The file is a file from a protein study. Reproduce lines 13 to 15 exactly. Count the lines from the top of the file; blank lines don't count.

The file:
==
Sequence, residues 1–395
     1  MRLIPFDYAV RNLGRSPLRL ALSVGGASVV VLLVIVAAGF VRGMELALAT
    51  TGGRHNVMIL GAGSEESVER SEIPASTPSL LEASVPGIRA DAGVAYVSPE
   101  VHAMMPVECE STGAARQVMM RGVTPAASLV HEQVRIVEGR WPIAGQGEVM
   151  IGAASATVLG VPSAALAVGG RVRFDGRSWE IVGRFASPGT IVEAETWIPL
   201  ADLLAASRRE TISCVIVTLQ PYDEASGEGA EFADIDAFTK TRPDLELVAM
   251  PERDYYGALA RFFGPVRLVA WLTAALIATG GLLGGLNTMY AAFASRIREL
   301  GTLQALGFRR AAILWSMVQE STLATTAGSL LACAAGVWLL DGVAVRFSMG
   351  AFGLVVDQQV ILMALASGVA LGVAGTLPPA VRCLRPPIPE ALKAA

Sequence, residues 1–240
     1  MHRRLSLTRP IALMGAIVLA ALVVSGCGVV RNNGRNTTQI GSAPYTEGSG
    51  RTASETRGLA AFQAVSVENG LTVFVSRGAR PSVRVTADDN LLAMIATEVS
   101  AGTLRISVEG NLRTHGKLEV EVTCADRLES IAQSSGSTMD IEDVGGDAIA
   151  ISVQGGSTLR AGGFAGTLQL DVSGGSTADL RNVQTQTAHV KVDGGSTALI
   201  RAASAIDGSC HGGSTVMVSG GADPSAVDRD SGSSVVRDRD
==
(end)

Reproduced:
   101  AGTLRISVEG NLRTHGKLEV EVTCADRLES IAQSSGSTMD IEDVGGDAIA
   151  ISVQGGSTLR AGGFAGTLQL DVSGGSTADL RNVQTQTAHV KVDGGSTALI
   201  RAASAIDGSC HGGSTVMVSG GADPSAVDRD SGSSVVRDRD